BBC and soya

Surgery

Member
Location
Oxford
I do like the part that the reporters are saying ‘most’ soya for vegetarian purposes comes from non gm strains and not from South America ! Right!

I suppose thou that at least they have highlighted concerns we all have thou on where it is now being grown.
 

DrWazzock

Member
Arable Farmer
Location
Lincolnshire
I do like the part that the reporters are saying ‘most’ soya for vegetarian purposes comes from non gm strains and not from South America ! Right!

I suppose thou that at least they have highlighted concerns we all have thou on where it is now being grown.
I noticed this. Wondered how they could be sure the vegan stuff was segregated. In reality I’d say it probably all goes into and comes out of the same bing.
 

caveman

Member
Location
East Sussex.
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No mention of percentage.
 

Bogweevil

Member
Warburtons say thus:

Soya flour

A natural whitener which improves the colour of white bread. It works well with oxygen to strengthen the dough and provides support and structure during baking. All our soya flour is identity preserved*.

*Identity preserved (IP) is the designation given to such bulk commodities marketed in a manner that isolates and preserves the identity of a shipment, presumably because of unique characteristics that have value otherwise lost through commingling during normal storage, handling and shipping procedures.
 

Surgery

Member
Location
Oxford
Warburtons say thus:

Soya flour

A natural whitener which improves the colour of white bread. It works well with oxygen to strengthen the dough and provides support and structure during baking. All our soya flour is identity preserved*.

*Identity preserved (IP) is the designation given to such bulk commodities marketed in a manner that isolates and preserves the identity of a shipment, presumably because of unique characteristics that have value otherwise lost through commingling during normal storage, handling and shipping procedures.
Just class , so it seems we as producers cannot use , being implemented I think , soya from certain countries-deforestation yet it can be imported into the country by the big boys and possibly used to make bread , you couldn’t make it up ffs
 

Simon Chiles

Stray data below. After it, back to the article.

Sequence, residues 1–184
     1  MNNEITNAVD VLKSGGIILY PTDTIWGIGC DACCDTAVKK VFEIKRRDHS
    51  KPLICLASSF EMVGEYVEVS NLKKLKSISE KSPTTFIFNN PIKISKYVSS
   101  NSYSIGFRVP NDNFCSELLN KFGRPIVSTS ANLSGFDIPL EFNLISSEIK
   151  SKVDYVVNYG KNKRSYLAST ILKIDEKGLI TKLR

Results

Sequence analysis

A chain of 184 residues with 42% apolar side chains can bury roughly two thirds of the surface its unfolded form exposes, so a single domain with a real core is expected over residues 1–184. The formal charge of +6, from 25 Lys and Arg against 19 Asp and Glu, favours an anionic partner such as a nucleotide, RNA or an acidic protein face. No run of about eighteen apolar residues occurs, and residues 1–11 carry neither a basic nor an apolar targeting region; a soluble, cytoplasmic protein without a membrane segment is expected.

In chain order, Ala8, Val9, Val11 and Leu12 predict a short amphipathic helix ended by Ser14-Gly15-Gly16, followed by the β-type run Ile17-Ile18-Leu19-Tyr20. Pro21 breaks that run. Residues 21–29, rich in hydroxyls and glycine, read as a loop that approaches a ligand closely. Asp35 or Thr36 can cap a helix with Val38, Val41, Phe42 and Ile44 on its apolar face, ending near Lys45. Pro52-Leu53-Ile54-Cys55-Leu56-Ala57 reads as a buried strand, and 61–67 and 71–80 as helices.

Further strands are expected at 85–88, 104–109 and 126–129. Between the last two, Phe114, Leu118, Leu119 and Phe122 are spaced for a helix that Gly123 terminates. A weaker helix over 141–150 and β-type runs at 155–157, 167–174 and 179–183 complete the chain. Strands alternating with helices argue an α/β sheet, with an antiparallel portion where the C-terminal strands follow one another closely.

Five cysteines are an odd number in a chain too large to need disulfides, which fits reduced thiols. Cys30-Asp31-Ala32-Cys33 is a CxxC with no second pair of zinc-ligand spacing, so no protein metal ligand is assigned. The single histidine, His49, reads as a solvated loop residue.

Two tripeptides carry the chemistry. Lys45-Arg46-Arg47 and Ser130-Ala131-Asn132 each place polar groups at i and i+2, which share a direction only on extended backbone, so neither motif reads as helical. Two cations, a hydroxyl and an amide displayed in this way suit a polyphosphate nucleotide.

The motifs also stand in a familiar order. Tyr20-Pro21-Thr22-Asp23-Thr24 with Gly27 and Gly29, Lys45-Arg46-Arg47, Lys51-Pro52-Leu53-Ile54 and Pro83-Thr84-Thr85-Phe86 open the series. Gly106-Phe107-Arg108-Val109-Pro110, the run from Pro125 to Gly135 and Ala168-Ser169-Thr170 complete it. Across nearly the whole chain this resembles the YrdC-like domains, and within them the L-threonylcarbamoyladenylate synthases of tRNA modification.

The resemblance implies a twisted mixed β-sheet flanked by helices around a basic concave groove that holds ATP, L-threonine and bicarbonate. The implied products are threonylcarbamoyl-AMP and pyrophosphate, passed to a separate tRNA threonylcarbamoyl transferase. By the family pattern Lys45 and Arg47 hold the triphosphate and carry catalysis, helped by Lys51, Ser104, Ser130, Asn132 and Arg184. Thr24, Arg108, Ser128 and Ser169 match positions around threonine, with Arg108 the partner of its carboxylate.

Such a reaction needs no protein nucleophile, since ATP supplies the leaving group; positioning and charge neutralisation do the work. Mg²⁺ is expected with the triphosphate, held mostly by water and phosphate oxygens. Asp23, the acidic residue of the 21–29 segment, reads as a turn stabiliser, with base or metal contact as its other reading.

DD Moderator
Really pees me off to see a lot of bread now contains soya flour.
Just class , so it seems we as producers cannot use , being implemented I think , soya from certain countries-deforestation yet it can be imported into the country by the big boys and possibly used to make bread , you couldn’t make it up ffs

I think you’d be surprised about what percentage Soya UK have of the home market, for several of the big players Hard IP it’s 100%.
This is one of the major concerns I have about all this new public money for public good situation. It’s no benefit to the planet to be re wilding prime agricultural land over here just to be importing this stuff from halfway across the globe from land that’s been recently reclaimed from the rainforest.
 

Simon Chiles

DD Moderator
When we try to source non-GM soya meal we are told that it can’t be segregated from the GM stuff.:scratchhead:

Most of the Soya grown in this country is on a Hard IP contract and as such is worth more than your cattle feed which, as has been said on here, is a by-product after the oil extraction. Regardless Soya prices next year are looking like being £100/ tonne more next year so now might be a good time to be thinking about how you’re going to replace it.
 

neilo

Member
Mixed Farmer
Location
Montgomeryshire
Most of the Soya grown in this country is on a Hard IP contract and as such is worth more than your cattle feed which, as has been said on here, is a by-product after the oil extraction. Regardless Soya prices next year are looking like being £100/ tonne more next year so now might be a good time to be thinking about how you’re going to replace it.

Most of mine was replaced by green stuff years ago, so I won’t be too badly affected by that.

However, when the only realistic alternative here is rape meal, and OSR cropping falling dramatically, it does look scary for anyone feeding livestock intensively.
 

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Man fined £300 for bonfire-related waste offences

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Written by William Kellett from Agriland

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A man has pleaded guilty at Newtownards Magistrates’ Court to waste offences relating to a bonfire next to the electrical sub-station on the Circular Road in Newtownards, Co. Down.

Gareth Gill (51) of Abbot’s Walk, Newtownards pleaded guilty to two charges under the Waste and Contaminated Land (Northern Ireland) Order 1997, for which he was fined £150 each and ordered to pay a £15 offender’s levy

On June 25, 2018, PSNI officers went to Gill’s yard, where they found a large amount of waste consisting of scrap wood, pallets, carpet and underlay.

Discussion with Northern Ireland Environment Agency (NIEA) officers confirmed the site...
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